Where’s the literature?

Secondary teachers should stress classic works of literature, argue Sandra Stotsky and Mark Bauerlein in a paper critical of Common Core Standards. The new standards name only a few required texts, such as foundational American documents (for example, the Declaration of Independence) and a Shakespeare play, notes Ed Week.

(The standards) say that half of what students read in elementary school—and 70 percent in high school—should be informational, arguing that mastery of such texts mirrors the demands likely to be made on them in college and job training. is.

. . .  some English/language arts educators . . .  fear that literature will lose its important place in students’ studies. The standards’ architects have argued that the opposite is true: Teachers of social studies, science and other subjects will inherit new responsibilities for teaching writing and reading in their areas, freeing English/language arts teachers to dive deeply into literary works with their students.

Stotsky, a University of Arkansas professor nd a chief architect of Massachusetts’ highly regarded academic standards, and Bauerlein, an Emory English professor, believe “the analytical and critical-thinking skills developed by a deep study of literature” will prepare students for college more effectively than reading informational texts.

Private schools and public schools in affluent suburbs will teach a literature-rich curriculum, while most public school students will suffer from a “literature deficit,”  Stotsky and Bauerlein predict. That will widen the achievement gap, they write.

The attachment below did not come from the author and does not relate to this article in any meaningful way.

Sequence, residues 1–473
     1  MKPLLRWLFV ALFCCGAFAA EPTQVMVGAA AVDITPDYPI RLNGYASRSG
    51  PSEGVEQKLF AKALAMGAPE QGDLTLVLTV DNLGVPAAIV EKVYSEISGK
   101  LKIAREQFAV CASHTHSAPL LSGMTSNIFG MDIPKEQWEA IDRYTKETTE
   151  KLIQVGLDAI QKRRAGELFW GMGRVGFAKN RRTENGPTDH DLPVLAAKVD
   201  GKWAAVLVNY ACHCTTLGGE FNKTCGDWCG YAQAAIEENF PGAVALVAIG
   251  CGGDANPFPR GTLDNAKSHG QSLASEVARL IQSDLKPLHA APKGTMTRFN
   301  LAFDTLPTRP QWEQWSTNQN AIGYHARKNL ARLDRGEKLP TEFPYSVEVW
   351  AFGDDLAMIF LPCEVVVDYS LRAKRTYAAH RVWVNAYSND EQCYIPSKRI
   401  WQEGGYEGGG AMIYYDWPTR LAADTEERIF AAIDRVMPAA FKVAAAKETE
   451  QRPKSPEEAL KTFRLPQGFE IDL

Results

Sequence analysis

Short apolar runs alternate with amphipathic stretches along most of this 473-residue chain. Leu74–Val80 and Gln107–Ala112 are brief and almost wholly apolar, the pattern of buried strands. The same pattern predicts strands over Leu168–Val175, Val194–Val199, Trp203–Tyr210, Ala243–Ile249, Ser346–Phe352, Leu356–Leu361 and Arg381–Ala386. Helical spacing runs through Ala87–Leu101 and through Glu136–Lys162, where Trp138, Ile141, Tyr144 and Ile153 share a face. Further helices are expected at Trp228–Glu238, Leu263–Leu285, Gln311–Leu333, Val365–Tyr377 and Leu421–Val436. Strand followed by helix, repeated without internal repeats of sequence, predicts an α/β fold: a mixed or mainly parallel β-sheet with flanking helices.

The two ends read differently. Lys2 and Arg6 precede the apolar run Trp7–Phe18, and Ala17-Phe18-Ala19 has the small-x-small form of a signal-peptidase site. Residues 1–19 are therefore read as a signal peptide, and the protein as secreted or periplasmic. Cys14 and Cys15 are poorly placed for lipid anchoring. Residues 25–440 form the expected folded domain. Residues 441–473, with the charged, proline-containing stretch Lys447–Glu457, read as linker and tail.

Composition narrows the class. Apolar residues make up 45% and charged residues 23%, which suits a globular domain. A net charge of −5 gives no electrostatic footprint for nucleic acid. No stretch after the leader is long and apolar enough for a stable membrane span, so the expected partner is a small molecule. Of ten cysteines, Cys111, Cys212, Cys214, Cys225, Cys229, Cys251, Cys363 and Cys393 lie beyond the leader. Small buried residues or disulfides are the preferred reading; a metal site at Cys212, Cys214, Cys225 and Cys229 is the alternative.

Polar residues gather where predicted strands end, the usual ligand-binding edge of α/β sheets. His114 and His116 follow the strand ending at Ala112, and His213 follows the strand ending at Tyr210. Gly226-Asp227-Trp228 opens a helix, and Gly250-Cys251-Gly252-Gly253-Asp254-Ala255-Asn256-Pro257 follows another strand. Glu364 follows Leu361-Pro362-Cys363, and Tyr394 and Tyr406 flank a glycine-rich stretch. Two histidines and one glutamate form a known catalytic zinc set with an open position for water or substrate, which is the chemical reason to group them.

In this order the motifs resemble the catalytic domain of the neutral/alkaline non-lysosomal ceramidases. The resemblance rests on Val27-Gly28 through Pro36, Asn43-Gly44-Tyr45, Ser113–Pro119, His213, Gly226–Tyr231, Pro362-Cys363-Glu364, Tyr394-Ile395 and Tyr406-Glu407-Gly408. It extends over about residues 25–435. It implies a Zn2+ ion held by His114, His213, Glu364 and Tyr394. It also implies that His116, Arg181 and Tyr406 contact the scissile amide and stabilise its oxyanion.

Mark Twain’s Huckleberry Finn isn’t included in Massachusetts’ new Common Cored curriculum, write Charles Chieppo and Jamie Gass of the Pioneer Institute. (It’s not banned either. It’s just not mentioned.) “These new English standards include less than half as much classic literature and poetry than the Massachusetts standards they will replace.”

 

Overconfident, underperforming

Don’t Think Too Highly of Yourself, warns Mark Bauerlein on the Education Next blog.  Contrary to the prevailing wisdom, he writes, “higher confidence does not go with better math scores.”   The Brown Center’s How Well Are American Students Learning? report used TIMSS data to compare eighth-grade students in different countries.

“Countries with more confident students who enjoy the subject matter–and with teachers who strive to make mathematics relevant to students’ daily lives–do not do as well as countries that rank lower on indices of confidence, enjoyment, and relevance.”

. . .  U.S. students rated themselves much more highly than did students in Korea, Japan, Hong Kong, Singapore, the Netherlands, and Chinese Taipei, but they scored well behind that insecure group.  While 93 percent of U.S. eighth-graders failed to achieve an advanced score on the test, only 5 percent of them “disagreed a lot” with the statement that they “do well in math.”

A new report in the September issue of Learning and Individual Difference compares 15-year-olds’ reading skills in 34 countries, Bauerlein writes.  Students who lacked confidence in their skills tended to perform better than their classmates, while the overconfident performed worse.

Overconfidence “can be a sign not of prior superior achievement, but of inferior achievement, a defense mechanism against poor performance and skill level,” Bauerlein writes.

Via 11D, Hugh Laurie and Stephen Fry make fun of self-esteem on the not-Oprah Show.

And see the self-esteem section of It ain’t necessarily so.